The report sheds light on social media pros’ career trajectory as well as the challenging lack of resources and employee burnout that’s on the rise. Check out the findings here.

To learn more about how to prepare for the future of social media and more, join us at Ragan’s Future of Communications Conference, Nov. 10-11.  You’ll learn from PR, social media, marketing and internal communications experts about the top trends and what’s on the horizon for the industry.


Many retail and e-commerce companies have already launched Black Friday deals to boost holiday shopping revenue, including Walmart, Target, Amazon and Lowe’s. You can follow their proactive lead by securing gifts for those on your list early, whether you’re looking to show customers and clients gratitude or you’re selecting items for employees, friends or family.


Consider these gifts:


We asked which networking activity you’re embracing the most during COVID-19, and more than half of you (51%) are turning to virtual events, while roughly 27% are leaning on Twitter and nearly 20% focus on LinkedIn and Facebook groups:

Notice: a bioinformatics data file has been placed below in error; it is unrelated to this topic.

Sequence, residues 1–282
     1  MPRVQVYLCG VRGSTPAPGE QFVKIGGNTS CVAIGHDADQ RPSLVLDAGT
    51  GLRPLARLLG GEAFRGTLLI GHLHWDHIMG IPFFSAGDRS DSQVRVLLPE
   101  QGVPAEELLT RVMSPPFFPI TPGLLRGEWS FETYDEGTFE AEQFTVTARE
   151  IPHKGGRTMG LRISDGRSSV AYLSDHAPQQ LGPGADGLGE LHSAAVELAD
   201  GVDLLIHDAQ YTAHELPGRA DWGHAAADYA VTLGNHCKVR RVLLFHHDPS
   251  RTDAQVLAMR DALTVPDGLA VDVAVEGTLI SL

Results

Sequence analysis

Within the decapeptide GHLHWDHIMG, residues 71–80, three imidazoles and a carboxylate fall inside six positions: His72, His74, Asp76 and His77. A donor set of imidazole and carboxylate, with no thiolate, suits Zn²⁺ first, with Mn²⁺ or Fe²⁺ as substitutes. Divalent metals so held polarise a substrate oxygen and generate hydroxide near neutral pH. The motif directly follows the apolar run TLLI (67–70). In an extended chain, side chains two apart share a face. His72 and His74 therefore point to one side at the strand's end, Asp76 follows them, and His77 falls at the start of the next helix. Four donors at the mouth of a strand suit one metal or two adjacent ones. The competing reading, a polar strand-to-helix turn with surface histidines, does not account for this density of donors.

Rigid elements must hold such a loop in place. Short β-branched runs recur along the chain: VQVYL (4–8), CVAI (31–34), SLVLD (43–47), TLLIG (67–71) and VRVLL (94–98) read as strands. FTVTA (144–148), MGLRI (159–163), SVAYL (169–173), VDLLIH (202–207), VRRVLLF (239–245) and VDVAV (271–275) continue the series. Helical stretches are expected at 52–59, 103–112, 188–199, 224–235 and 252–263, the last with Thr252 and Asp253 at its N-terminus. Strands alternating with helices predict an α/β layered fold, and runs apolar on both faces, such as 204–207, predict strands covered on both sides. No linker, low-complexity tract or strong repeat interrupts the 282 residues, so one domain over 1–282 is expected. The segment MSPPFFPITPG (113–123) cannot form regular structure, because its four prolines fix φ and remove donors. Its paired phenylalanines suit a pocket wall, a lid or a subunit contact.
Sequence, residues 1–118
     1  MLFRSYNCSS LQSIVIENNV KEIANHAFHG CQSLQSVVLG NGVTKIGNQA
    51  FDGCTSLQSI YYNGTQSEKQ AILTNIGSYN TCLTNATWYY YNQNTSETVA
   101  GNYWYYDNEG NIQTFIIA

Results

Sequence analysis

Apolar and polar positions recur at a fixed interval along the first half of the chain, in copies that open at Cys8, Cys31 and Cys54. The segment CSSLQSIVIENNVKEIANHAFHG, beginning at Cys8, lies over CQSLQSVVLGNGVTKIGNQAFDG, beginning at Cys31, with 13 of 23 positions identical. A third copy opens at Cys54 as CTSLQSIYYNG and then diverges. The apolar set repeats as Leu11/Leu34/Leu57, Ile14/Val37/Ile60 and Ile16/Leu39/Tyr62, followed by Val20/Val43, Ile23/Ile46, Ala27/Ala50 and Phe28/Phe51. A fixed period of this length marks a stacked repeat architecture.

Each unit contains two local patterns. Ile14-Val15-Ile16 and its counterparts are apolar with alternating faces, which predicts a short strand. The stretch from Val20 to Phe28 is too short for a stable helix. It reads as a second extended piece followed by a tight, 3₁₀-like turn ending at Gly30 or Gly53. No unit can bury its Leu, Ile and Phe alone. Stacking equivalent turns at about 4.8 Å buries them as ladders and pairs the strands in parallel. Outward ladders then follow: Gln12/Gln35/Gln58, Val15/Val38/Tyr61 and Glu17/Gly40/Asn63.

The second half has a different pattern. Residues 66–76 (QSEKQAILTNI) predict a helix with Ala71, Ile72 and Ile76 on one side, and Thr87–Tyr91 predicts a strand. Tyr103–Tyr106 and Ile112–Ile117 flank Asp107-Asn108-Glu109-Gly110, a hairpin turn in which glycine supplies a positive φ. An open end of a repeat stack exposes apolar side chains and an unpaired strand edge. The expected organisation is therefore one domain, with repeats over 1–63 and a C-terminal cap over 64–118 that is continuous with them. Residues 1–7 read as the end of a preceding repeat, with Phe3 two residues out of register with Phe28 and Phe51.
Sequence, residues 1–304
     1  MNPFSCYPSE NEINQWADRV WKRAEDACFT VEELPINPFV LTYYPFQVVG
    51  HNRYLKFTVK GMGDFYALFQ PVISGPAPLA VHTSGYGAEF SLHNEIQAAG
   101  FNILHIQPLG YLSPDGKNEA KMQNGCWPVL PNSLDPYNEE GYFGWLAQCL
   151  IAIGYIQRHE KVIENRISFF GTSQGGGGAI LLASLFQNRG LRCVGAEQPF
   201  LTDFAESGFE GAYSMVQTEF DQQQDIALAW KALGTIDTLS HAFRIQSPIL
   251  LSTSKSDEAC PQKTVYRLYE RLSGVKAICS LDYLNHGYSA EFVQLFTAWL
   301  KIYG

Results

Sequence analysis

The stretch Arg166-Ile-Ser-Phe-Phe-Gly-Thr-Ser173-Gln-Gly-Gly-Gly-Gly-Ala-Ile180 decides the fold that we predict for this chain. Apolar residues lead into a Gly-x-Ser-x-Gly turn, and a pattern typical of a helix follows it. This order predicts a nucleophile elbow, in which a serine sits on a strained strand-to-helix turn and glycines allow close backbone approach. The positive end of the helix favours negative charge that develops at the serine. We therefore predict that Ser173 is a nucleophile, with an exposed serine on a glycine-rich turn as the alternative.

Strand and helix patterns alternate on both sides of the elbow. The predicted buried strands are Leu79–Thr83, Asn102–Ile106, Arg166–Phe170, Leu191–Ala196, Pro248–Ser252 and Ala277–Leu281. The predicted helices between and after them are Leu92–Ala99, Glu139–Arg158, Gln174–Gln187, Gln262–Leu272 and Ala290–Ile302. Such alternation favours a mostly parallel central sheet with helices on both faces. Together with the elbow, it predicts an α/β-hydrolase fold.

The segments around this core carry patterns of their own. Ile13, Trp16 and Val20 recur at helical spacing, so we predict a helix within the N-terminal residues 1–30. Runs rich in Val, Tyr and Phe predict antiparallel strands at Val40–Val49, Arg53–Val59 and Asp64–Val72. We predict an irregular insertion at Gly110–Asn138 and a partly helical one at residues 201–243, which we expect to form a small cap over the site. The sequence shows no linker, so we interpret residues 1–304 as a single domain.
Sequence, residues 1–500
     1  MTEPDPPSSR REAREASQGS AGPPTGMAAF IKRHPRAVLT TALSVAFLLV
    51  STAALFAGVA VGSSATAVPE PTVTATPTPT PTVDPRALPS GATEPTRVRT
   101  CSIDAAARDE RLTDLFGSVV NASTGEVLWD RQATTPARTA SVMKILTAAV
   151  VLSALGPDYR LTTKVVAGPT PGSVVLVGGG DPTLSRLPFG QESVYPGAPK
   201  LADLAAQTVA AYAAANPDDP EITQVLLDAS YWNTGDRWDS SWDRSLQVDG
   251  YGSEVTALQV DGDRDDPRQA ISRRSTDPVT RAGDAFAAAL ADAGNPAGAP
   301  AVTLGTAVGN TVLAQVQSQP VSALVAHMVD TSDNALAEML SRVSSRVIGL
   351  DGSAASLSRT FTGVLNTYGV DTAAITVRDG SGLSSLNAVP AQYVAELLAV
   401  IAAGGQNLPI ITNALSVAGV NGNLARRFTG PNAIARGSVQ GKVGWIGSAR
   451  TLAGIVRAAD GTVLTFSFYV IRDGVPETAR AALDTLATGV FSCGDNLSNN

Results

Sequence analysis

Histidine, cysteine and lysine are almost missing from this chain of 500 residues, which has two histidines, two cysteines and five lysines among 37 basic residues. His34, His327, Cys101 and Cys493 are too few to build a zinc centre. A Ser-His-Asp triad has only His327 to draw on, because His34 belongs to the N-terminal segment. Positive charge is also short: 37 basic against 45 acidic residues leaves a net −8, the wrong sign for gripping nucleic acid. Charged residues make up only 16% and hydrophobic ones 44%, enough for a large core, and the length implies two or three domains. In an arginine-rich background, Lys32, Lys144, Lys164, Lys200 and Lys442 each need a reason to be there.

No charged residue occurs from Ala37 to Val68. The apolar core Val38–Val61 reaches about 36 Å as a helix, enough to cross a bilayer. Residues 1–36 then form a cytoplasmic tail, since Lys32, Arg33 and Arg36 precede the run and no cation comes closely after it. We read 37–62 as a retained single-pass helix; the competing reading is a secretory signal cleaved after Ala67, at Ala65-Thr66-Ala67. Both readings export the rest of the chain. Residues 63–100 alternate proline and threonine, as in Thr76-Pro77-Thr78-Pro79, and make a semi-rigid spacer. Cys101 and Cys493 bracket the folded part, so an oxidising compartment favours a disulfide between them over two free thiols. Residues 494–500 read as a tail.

ARPR said it even held a virtual wine and cheese tasting, so don’t be afraid to get creative when digitally connecting with industry peers. You can also check out these ideas for networking during COVID-19.

Is there a question you’d like us to ask in an upcoming poll? Let us know!


Do you have video-conferencing equipment (such as a microphone or light) as you WFH?

Share your thoughts with us below and under the hashtag #DailyScoop, and we’ll share the results in Monday’s roundup.




Editor’s note: Ragan Communications may earn a commission through our affiliate partnerships when purchasing items in our content.


One Response to “ESPN cuts 500 jobs, TikTok users create fan videos for election analysts, and Starbucks’ holiday cups are here”

    Katelyn Lambert, Writer/Editor for Platform Magazine says:

    I cannot agree with you more about gearing content and campaigns to Gen Z. They are the ones most active on the internet and social media right now. For most, it is where they go to get all of their news. I myself saw the “fancam” TikToks and thought they were great. Thanks for sharing!